Published in The History of Parliament: the House of Commons 1790-1820, ed. R. Thorne, 1986
Available from Boydell and Brewer

Background Information

Number of voters:

about 3,000


30 June 1790SIR RICHARD PHILIPPS, Bt., Baron Milford [I] 
7 June 1796SIR RICHARD PHILIPPS, Bt., Baron Milford [I] 
15 July 1802SIR RICHARD PHILIPPS, Bt.,Baron Milford [I] 
12 Nov. 1806SIR RICHARD PHILIPPS, Bt., Baron Milford [I] 
3 June 1807SIR RICHARD PHILIPPS, Bt., Baron Milford [I]1195
 Sir Hugh Owen, Bt.1102
30 Oct. 1812JOHN OWEN1529
 Hon. John Frederick Campbell1344
24 June 1818(SIR) JOHN OWEN, Bt. 

Main Article

The county representation had long been in dispute between the two leading interests, the Owens of Orielton and the Philippses of Picton Castle, popularly styled the Orange and Blue parties respectively.1 Sir Hugh Owen, 5th Bt., who had ousted his rival Lord Milford, died in 1786 leaving an infant heir, whereupon Milford obtained the lord lieutenancy and resumed his seat unopposed, strengthened by his alliance with Lord Kensington, whom he returned for Haverfordwest. It appears that Kensington had an eye to the county seat, but that Milford obliged him to be content with Haverfordwest by securing the backing of Orielton during its heir’s minority.2 He was not threatened until Sir Hugh Owen came of age. The only speculation that arose was over the likelihood of his obtaining a British peerage: Thomas Knox, anxious for a seat for Haverfordwest, thought this desirable in 1790 and assumed that Kensington could then obtain the county seat, on condition that the young Hugh Owen obtained it when he came of age. Sir Watkin Lewes* hoped in 1797 that Milford would obtain the peerage for his token leadership, as lord lieutenant, during the French ‘invasion’ of the county, so that he himself might offer. It was also supposed that John Campbell I* of Stackpole Court might offer himself: for instance, Sylvester Douglas*, then on circuit, had reported to the Duke of Portland in September 1789, that ‘unless Campbell himself could be prevailed upon to stand for Pembrokeshire ... the representation of that county must remain in its present state’. Knox believed (in 1790) that Campbell would be willing to give up his seat for Cardigan Boroughs in favour of the county seat at the next vacancy and clearly thought better of Campbell’s prospects than of Kensington’s, though he favoured the latter for his own sake. Campbell went on to interest himself in the Pembroke Boroughs seat, then obtained the Cawdor peerage in 1796, so the problem did not arise. Early in 1802, when Milford was under pressure from Joseph Foster Barham* to bring him in for Haverfordwest, he offered, for the promise of a British peerage at the dissolution, to vacate the county for young Lord Kensington, Member for Haverfordwest, it being understood, however, that Cawdor would claim the county honours. This did not come off, not least because of Owen hostility to it, even before Milford was denied peerage promotion.3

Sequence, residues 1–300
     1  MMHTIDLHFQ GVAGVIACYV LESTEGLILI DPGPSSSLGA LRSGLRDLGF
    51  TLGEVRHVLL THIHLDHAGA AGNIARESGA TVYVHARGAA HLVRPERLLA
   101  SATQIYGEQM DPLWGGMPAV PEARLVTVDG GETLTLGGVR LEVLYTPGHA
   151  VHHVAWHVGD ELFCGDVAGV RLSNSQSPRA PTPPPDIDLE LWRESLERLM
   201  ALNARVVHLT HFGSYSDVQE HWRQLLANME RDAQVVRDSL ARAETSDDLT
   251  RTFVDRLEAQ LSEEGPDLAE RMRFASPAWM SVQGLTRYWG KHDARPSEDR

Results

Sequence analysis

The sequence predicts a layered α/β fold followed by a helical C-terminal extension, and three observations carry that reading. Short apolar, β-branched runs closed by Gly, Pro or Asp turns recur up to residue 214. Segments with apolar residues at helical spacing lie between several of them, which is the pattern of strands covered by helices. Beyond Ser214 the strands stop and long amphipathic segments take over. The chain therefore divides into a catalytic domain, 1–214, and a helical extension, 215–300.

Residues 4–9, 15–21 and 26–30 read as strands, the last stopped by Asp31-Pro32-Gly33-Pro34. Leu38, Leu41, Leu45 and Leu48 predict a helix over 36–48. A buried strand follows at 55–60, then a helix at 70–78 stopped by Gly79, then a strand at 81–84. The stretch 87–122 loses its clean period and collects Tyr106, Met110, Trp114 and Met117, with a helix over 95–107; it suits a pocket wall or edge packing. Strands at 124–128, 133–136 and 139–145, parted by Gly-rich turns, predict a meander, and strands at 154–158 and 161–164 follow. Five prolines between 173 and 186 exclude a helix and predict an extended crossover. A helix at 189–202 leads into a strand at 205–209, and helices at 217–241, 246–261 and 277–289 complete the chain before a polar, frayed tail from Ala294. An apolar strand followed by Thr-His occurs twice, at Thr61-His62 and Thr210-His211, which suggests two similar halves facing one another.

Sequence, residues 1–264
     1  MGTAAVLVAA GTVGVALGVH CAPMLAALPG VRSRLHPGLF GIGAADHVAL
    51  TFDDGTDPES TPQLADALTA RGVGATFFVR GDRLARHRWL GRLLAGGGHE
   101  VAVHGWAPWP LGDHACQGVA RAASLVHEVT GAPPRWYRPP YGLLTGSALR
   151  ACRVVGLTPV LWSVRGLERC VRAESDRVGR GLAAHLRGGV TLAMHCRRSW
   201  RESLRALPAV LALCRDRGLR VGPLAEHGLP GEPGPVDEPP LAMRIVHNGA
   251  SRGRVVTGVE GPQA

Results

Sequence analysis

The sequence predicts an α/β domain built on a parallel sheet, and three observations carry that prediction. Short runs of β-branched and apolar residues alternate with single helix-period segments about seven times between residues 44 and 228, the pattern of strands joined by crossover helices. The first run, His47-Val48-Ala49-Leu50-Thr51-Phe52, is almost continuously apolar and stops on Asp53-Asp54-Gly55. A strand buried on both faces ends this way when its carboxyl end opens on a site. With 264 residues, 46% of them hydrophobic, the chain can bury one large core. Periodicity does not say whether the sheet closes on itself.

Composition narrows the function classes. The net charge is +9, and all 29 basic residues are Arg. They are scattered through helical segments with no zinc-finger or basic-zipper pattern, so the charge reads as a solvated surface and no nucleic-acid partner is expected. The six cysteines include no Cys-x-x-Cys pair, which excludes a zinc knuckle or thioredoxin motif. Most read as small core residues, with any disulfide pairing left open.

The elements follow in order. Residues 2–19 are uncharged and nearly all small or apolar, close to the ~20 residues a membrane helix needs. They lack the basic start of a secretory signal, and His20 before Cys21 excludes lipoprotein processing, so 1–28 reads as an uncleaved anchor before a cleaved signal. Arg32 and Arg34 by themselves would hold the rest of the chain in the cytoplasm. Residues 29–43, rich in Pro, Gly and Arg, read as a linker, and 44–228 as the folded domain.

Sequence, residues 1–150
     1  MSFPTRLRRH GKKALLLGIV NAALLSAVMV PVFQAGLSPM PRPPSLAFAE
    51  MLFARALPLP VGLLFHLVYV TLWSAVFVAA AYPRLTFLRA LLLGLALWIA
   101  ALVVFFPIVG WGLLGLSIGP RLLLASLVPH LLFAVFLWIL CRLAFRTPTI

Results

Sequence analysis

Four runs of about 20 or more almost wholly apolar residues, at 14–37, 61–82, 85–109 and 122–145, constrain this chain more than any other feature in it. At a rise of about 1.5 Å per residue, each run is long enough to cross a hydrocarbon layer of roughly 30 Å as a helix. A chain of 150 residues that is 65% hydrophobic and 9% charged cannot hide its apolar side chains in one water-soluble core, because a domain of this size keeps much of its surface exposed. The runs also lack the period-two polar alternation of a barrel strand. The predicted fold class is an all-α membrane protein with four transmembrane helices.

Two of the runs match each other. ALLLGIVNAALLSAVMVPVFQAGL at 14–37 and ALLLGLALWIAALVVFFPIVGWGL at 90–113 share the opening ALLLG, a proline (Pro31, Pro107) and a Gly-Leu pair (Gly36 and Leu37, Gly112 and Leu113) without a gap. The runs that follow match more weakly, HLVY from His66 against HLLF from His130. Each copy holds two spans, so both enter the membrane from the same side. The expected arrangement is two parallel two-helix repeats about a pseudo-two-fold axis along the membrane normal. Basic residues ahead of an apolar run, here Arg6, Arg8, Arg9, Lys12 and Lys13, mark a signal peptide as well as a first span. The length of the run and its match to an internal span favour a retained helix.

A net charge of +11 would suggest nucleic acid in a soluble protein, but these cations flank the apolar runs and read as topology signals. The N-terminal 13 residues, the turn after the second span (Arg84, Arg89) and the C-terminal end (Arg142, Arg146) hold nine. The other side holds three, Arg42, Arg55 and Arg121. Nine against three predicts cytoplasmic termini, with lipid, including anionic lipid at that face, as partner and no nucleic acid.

In 1806 Sir Hugh Owen was of age and his friends pressed him to stand: he ‘hit upon the novel method of sending the crier at Pembroke to proclaim his intention of offering himself for the county in case of a vacancy’. The 2nd Baron Kensington described this as ‘an open declaration of war’: the supposition was clearly that Milford would retire in Owen’s favour. Owen, who ‘never positively asked a vote’, was content, however, to signify his intentions by publicly declining to stand on this occasion and Kensington claimed, 25 Oct. 1806, ‘the steps I took prevented his personal canvass. He went to Picton yesterday with the olive branch.’ Kensington and Milford had agreed that their Blue friends should be warned not to engage themselves for the future.4

On 29 Apr. 1807 Owen came forward again, as a friend of the protestant constitution; Milford was ill in London and relied on Kensington to defend him, raise funds and canvass for him. Though neither equal to the contest, nor expecting it to materialize, he still did not retire, to the indignation of one of Owen’s supporters, Rev. Dr John Philipps, who wrote to him, 4 May 1807: